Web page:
More importantly, people started trusting us. They saw that we got it, that we weren’t going to try to impose something top down on a movement that was inherently bottoms-up. (We would have failed if we tried.) We didn’t try to have some grand kickoff meeting or to facilitate a bunch of private, insider conversations. Instead, we spent time in the spaces that already existed (such as the wiki and in real-time online chat channels), and we facilitated a many-to-many conversation, not just a one-on-one conversation. The community was taking ownership of the process, and we were contributing to it. Even if they didn’t fully understand what we were trying to do, they understood it well enough and they trusted us enough to give it a chance.

3. Make Explicit Working Agreements

I find making explicit agreements on how you’d like to work together to be one of the most valuable things a group can do, whether it’s a small team or a large network.

For example, some might think that “treating other people with respect” should be implicit in every working arrangement. Even if that’s the case, making it explicit can’t hurt, and it can even help. For one, it forces you to develop some shared understanding around what “treating other people with respect” actually means. To some, it might mean never raising your voice. To others, it might have nothing to do with how you express yourself, only that you do. Getting these things out into the open earlier rather than later, then coming to agreement on them will prevent trouble later on.

Establishing working agreements has two other important effects, especially with larger groups. First, it makes everyone accountable for holding him- or herself and each other to these agreements. Often, in large meetings, people depend on a facilitator to keep the conversation constructive and civil. That indeed is one of the facilitator’s responsibilities, but it’s a muscle that everyone in the group should be exercising. In healthy groups, everybody will help each other abide by these agreements.

Second, they set agreed-upon conditions for kicking people out of a group. A lot of people fear open processes, because they’re worried that others will hijack the conversation, and they mistakenly assume that you can’t kick people out of an open conversation. If you create clear working agreements up-front, and if you make sure people are aware of those agreements, then when people unapologetically cross the line, you have the right to expel them.

We had over a thousand people participate in the Wikimedia strategic planning process. Over the course of the year-long process, we kicked out two people from the process as a whole, and I kicked out one person from one meeting (who apologized afterward, and went on to be a very constructive participant in the process). None of those incidents were easy, but when we made those moves, everyone in the community understood and agreed with our actions, because of our previously established working agreements.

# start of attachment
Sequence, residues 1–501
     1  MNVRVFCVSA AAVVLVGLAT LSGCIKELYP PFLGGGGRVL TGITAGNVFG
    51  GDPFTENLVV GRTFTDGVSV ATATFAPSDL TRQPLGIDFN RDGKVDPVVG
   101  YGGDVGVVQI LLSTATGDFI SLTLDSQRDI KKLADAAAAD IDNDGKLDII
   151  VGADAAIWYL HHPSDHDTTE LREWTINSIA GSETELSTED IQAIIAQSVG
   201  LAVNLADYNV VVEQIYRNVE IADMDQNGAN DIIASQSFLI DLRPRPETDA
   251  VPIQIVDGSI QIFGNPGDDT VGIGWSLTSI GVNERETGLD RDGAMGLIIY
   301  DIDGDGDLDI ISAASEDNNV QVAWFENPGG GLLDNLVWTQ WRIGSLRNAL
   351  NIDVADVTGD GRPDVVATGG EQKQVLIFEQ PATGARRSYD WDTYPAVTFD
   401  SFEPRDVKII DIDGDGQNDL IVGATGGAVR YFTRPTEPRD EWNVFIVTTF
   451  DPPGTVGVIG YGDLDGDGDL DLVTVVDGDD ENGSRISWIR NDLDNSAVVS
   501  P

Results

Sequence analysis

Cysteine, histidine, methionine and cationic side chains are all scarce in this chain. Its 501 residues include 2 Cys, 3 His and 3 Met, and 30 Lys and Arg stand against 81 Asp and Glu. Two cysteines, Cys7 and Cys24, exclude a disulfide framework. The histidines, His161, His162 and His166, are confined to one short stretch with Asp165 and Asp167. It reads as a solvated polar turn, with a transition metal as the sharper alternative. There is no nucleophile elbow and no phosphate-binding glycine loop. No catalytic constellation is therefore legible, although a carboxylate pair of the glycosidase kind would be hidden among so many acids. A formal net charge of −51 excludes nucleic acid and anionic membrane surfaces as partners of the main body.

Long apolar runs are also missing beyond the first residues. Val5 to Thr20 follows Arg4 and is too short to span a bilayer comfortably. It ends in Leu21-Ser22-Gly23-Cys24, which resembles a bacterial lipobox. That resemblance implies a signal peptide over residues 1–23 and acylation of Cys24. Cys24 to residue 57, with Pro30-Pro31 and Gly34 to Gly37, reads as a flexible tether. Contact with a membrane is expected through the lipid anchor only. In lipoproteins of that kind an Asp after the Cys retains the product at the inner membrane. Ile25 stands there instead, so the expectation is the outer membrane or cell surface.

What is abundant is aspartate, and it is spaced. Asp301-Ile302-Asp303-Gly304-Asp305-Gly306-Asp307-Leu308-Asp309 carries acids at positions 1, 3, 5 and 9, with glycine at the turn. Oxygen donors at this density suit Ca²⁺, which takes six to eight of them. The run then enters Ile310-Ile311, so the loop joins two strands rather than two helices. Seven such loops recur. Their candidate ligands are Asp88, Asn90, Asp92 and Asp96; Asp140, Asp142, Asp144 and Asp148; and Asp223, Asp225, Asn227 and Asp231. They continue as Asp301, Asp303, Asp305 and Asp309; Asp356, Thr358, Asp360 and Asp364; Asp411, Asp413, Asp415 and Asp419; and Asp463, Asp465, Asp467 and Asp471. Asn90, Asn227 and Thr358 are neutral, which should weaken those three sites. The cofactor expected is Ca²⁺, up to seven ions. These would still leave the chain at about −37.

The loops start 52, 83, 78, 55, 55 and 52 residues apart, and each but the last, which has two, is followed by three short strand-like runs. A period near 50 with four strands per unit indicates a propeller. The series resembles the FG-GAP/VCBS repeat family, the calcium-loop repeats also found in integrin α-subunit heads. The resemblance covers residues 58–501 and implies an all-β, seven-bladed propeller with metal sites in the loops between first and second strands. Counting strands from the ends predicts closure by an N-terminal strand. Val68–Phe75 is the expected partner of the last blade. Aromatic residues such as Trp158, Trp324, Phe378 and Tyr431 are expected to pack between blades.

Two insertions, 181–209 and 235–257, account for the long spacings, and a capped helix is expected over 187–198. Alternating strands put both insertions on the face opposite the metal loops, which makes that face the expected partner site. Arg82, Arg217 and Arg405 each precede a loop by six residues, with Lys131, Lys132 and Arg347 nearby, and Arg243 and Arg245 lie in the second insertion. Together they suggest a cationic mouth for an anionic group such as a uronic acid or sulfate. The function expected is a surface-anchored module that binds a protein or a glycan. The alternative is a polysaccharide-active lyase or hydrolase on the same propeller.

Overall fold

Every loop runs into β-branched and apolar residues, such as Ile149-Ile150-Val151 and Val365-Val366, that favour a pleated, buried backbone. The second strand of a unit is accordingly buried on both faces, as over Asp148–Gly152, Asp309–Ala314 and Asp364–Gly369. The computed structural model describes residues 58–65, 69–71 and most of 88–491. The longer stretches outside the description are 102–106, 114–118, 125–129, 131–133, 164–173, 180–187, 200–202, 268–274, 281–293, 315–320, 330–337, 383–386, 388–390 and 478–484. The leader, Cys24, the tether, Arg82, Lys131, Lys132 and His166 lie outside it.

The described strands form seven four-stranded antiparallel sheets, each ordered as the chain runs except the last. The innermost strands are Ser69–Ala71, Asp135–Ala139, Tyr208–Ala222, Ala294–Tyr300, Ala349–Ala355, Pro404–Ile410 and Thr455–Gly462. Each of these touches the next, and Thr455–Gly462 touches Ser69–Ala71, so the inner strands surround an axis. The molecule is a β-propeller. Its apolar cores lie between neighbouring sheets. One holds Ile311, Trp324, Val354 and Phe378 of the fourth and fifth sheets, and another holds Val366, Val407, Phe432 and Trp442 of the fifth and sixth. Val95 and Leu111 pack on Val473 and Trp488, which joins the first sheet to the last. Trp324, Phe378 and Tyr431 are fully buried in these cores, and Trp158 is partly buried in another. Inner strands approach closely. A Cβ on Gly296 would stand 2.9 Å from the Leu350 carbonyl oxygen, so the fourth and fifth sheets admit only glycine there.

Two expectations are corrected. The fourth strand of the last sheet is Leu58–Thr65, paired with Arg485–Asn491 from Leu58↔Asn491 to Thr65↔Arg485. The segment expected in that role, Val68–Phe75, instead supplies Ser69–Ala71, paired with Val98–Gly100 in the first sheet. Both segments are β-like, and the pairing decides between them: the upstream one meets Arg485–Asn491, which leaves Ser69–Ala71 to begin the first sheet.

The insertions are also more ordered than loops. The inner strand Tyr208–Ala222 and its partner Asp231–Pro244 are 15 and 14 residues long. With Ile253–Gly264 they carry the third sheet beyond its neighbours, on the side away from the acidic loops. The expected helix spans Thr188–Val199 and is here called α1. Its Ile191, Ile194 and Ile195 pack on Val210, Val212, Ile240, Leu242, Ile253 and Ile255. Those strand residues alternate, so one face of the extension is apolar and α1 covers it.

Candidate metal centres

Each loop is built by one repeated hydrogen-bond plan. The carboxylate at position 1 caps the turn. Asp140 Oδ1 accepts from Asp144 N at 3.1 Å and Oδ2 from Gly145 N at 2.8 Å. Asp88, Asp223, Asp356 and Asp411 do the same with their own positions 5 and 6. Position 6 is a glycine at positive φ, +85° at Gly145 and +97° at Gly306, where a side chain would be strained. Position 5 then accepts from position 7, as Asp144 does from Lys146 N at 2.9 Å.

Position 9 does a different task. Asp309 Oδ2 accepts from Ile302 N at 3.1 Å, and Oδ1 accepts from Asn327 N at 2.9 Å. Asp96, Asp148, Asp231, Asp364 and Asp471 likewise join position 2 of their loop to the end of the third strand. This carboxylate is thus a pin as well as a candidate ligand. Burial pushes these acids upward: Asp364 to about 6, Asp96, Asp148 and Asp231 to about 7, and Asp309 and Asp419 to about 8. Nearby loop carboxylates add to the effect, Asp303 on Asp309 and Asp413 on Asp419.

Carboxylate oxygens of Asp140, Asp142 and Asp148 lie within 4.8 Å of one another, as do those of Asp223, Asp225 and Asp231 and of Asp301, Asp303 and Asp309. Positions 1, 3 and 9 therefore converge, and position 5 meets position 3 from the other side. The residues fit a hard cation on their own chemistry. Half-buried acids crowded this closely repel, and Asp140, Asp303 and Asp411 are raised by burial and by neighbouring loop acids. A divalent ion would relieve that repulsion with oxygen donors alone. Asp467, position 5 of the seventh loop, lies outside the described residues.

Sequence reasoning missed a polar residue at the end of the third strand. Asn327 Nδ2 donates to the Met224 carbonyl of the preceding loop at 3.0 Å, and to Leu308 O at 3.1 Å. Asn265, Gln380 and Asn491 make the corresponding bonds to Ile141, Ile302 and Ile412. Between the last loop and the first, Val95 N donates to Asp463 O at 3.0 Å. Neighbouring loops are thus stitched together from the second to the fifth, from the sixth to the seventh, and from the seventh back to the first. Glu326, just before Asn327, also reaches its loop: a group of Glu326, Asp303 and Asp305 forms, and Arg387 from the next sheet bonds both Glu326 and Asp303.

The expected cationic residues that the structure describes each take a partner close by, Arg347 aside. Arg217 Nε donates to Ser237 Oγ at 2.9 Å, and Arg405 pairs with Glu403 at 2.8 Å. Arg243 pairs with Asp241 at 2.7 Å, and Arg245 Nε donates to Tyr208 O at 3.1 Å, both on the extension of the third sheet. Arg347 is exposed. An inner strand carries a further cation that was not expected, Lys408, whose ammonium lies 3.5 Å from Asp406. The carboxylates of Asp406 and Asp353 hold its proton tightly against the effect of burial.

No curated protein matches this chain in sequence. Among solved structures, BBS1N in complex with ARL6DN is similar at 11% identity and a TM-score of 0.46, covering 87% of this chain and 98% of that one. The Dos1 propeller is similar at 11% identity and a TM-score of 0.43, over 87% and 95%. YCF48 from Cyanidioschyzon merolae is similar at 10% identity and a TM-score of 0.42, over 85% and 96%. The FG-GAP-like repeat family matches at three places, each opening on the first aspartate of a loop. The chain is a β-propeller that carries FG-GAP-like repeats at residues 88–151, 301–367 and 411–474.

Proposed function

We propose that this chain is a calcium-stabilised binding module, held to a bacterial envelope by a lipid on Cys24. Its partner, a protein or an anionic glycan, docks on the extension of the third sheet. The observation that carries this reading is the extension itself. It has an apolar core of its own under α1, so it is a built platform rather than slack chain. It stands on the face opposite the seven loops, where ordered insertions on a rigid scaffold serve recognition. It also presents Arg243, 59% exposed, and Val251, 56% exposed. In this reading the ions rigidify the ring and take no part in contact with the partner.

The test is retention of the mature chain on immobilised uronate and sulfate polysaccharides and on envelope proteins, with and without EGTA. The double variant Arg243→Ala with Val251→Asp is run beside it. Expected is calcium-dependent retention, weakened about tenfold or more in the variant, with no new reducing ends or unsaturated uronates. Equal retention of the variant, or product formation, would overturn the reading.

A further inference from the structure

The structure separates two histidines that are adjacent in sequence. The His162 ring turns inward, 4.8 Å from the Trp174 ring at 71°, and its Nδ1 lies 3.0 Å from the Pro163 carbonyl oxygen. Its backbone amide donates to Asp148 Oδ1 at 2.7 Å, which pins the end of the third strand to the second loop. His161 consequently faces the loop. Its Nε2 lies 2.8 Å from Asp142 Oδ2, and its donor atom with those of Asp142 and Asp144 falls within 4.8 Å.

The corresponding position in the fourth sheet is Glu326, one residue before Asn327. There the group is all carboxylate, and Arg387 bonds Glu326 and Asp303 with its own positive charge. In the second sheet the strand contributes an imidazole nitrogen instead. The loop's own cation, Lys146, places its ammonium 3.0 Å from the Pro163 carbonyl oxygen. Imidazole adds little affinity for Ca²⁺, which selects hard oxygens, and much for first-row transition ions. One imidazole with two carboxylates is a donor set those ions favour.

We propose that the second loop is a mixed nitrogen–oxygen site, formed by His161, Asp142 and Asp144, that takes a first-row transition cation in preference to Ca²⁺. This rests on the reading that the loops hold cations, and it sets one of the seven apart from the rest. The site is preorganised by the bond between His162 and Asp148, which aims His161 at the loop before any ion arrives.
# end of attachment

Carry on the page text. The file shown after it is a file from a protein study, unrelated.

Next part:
This blog post is also available in French. Many thanks to Lilian Ricaud for the translation!

Hack: “Big Board” at Yammer and Microsoft

I firmly believe that a “hacker mindset” is critical for learning and improvement. Effective collaboration is more art than science. While the science is relatively straightforward, you need a willingness to experiment and play to master the art. This is the first of what I hope will be an ongoing “Hack Series” — simple, actionable, replicable hacks that have helped foster high-performance collaboration in real-life situations.

My friend, Cindy Alvarez, is the Director of User Experience at Yammer (now owned by Microsoft) and author of the upcoming book, Lean Customer Experience (April 2014). A few months ago, she invited me to talk with her team about what I’ve seen and learned over the years about collaborative cultures within companies.

Yammer is a collaboration tool for the enterprise. Think of it as a Twitter- or Facebook-like tool for your organization. Tools like Yammer are particularly good at enabling a culture of transparency within organizations, helping teams become more aware of what each other is doing.

However, organizations often resist this shift in culture, even if that’s why they bought the tool in the first place. Working “across silos” sounds great in theory, but it’s a very different way of working than most are familiar with. It means change, and people don’t like change, even if it would make things better in the long run.

In many ways, Yammer product designers (and even their engineers) are in the same business as me. They’re trying to help organizations become more collaborative. They happen to do this primarily through the design of their online tool. In order to design an effective tool, they use powerful methods for understanding how their customers think and feel and for measuring the impact of their interventions. Most process designers would do well to learn the tools of product design.

I had a wonderful conversation with Cindy’s team, and I particularly enjoyed the tour afterward. Yammer, the organization, embodies the culture it’s trying to instill in its customers. You can see this in every aspect of how it works, from its internal processes to its physical office space.

One of the brilliant hacks I saw there was what they call their “big board” (see the two-minute video above). In order to keep track of who’s working on what, they have giant magnetic whiteboards in a well-traveled hallway that list every project with every person in the company represented by a magnet. This has several important effects:

  • Everybody has a visceral sense of what the company is doing.
  • Everybody has a visceral sense of who’s at the company and what everyone else is working on.
  • Project managers can easily assess the impact that reassigning people would have on other teams.

This hack embodies the simple, but powerful principle that my mentors, Matt and Gail Taylor, espouse: Work big. Yammer is a technology company, but they’re using an old-fashioned, physical tool to increase performance across the company. It’s worked so well for them that Microsoft is now implementing the same practice.

As Cindy mentions in the video, Yammer is currently trying to implement a digital version of the tool to accommodate its growing distributed presence. It will be interesting to see whether or not a digital version can be as effective as its giant physical inspiration.